Cornelia: What was the question again? I’m standing here trying not to let my thick Alabama accent show through since I’m Manhattan high society. (An in-joke from Page — Gail Patrick hailed from Birmingham.)
Irene: This place could use a housekeeper. Are you homeless and forgotten? Wait, a man! I need you to be a man that got dropped, forgotten, led around but look at my dress. I love that it’s shiny and all of this smoke and trash really does make it look expensive.
Godfrey: I’ll go with you as long as you try to stop talking and allow me to find you some help.
Irene: There’s no help for this place. It’s such a shame that your trolley dropped you off here.
Godfrey: Are you on Absinthe?
Pay attention to me before I scream, cry and claw my face. I brought my homeless goat and this chaperone who keeps telling me I need to sleep something off. Can you announce over a loudspeaker that Cornelia ruined her dress?
At first glance I thought that was a slaughtered lamb. It’s just Irene wearing her swaddling clothes. Hopefully they have straps that attach to the mattress.
Fatty Warbucks is ready to wrestle. He actually thinks Godfrey is sneaking out after a night with one of his daughters. There’s not enough booze in the world for that to have happened.
I think we’re fixing to see a catfight in fancy fabrics. There’s a first time for everything! This movie really does has something for everyone but don’t tell my mother.
Oh, Godfrey! This is going to cost you dearly even though you didn’t see it coming or were afraid of getting punched if you resisted. (I’m not sure but I think he could sue for sexual harassment although who would want to go into court and admit that he knows these people or voluntarily went to their house?)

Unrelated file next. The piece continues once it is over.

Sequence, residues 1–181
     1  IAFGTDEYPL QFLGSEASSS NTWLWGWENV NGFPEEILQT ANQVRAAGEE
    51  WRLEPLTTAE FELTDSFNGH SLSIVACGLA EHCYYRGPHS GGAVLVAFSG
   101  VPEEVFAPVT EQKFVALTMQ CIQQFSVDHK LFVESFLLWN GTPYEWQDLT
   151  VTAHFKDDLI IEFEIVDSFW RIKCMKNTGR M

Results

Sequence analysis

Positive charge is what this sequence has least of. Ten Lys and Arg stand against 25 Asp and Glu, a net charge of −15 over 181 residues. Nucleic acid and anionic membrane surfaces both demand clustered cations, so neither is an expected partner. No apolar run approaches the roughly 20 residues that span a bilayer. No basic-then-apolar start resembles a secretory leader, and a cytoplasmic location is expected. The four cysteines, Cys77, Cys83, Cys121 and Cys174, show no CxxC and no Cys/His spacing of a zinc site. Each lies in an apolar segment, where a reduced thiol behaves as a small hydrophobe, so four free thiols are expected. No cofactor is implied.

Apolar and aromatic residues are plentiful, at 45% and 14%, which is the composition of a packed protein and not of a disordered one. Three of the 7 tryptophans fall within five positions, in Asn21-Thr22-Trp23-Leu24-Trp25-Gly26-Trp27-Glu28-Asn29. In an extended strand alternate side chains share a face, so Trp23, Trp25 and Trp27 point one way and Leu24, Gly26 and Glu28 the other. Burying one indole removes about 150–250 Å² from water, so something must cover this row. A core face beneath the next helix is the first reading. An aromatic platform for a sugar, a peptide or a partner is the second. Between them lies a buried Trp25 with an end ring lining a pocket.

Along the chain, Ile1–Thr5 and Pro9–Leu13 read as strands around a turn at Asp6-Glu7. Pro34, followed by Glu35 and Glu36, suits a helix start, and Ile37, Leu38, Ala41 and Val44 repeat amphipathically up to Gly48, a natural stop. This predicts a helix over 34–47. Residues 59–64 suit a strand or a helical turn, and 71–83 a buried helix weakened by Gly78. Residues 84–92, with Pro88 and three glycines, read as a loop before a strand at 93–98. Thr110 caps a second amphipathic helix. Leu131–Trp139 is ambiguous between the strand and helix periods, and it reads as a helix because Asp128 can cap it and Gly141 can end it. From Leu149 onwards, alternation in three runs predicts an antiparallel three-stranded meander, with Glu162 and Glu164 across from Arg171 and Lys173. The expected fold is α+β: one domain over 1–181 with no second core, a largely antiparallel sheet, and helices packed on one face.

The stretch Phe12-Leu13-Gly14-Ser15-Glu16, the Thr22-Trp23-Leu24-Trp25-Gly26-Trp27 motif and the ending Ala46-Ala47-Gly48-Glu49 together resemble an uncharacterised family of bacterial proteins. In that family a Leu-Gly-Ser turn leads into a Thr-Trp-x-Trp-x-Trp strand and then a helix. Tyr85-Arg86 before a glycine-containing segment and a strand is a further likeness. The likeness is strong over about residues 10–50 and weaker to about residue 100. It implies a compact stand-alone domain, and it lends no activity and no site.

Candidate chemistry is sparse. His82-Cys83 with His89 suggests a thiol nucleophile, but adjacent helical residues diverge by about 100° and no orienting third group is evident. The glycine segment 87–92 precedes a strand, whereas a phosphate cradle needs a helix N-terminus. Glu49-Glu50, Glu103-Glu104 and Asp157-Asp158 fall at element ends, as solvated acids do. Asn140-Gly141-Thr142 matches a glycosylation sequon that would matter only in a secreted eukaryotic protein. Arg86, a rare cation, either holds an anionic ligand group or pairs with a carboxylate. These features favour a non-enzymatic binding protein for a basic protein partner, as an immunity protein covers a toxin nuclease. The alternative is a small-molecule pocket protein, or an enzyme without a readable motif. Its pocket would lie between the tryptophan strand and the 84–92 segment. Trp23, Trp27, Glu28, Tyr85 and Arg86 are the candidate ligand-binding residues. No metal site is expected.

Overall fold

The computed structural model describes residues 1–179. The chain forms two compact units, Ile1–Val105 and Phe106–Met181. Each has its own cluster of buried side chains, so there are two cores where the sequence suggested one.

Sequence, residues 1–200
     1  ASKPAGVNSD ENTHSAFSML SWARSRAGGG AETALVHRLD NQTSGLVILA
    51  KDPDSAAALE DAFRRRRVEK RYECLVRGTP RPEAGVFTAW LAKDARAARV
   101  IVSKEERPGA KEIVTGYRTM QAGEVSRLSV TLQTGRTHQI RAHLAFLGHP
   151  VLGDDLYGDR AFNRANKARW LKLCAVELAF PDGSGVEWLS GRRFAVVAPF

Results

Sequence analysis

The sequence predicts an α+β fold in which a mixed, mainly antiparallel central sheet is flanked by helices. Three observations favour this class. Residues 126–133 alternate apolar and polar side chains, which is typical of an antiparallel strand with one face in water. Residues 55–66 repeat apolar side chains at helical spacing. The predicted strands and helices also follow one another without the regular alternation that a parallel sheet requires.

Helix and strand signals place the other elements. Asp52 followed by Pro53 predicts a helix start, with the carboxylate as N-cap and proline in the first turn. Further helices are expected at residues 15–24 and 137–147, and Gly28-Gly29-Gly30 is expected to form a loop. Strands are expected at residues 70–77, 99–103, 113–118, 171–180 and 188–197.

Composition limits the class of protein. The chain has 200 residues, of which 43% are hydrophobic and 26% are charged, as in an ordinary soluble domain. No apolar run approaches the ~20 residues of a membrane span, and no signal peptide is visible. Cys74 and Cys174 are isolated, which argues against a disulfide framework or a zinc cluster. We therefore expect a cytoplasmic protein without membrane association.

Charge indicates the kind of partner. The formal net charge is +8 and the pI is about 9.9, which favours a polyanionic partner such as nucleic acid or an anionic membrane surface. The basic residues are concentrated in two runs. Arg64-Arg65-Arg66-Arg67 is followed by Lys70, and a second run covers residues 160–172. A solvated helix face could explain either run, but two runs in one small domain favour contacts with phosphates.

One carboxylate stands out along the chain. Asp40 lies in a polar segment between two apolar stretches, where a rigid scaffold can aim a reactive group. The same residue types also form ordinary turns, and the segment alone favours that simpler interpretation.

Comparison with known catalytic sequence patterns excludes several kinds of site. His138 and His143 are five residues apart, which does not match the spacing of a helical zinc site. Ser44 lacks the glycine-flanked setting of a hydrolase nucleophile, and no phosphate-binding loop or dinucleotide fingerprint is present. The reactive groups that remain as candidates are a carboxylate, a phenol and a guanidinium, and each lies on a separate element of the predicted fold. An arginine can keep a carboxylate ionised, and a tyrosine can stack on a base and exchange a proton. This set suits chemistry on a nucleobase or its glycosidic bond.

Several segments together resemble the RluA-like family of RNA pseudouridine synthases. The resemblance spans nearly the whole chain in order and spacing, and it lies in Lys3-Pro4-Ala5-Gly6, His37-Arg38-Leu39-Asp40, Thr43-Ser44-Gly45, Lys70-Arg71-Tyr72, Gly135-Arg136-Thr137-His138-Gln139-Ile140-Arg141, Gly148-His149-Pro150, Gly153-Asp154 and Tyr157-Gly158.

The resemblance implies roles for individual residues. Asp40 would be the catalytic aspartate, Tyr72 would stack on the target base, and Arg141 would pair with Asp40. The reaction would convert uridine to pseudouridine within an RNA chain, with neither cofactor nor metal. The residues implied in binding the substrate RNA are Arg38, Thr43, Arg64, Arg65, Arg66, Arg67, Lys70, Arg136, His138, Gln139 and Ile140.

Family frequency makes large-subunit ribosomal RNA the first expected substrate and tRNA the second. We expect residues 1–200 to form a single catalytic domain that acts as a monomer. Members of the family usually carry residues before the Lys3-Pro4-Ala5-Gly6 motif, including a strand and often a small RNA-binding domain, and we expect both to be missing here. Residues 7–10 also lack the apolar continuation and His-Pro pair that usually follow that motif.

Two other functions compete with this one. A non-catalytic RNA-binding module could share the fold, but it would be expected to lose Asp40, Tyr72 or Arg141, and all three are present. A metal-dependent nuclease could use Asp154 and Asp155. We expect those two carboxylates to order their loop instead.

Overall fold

Godfrey offers the financially strapped Alex some good advice. Sadly he left out that divorce is always an option and new identities aren’t that difficult to obtain either.
Cornelia: Stop being weird and sensitive, Irene!
Irene: These stairs remind me of a horizon that shines out of the love Godfrey has for me and shows me from over there where he’s sleeping. But I know he’s thinking about these stairs too. This makes me sad and feeling like I need to fling my arms around at the same time.
Cornelia: This might seem strange but are you on Absinthe?
Irene: This plate is round, clean and beautiful like your head, Godfrey. Full of thoughts, that’s what it is. Precious and it sits in my hand like a dove. We are doves, Godfrey…Silly love doves. Oh, we’re so happy aren’t we?
Godfrey: Yes, this is more happiness than any man deserves.
All of Godfrey’s forgotten men now have a job at his new nightclub. The Dump. Very clever but now that Irene has arrived, I expect a giant anvil to crash down and rain confetti all over them before they burst into flames.
Like it or not, I think your bride to be is here. She’s as pretty as a parade float and crazier than the Mad Hatter. I’ll be running along before she mistakes me for a forgotten man.
Isn’t that terrific, or at least weird? You can see the entire thing at http://myloveofoldhollywood.blogspot.com/2013/12/cmba-blogathon-film-passion-101-my-man.html. (Oh, and the aforementioned “Mad Movies” has a site, where I believe you can check out their “Nothing Sacred” and other episodes; it’s athttp://madmoviesonline.com/.)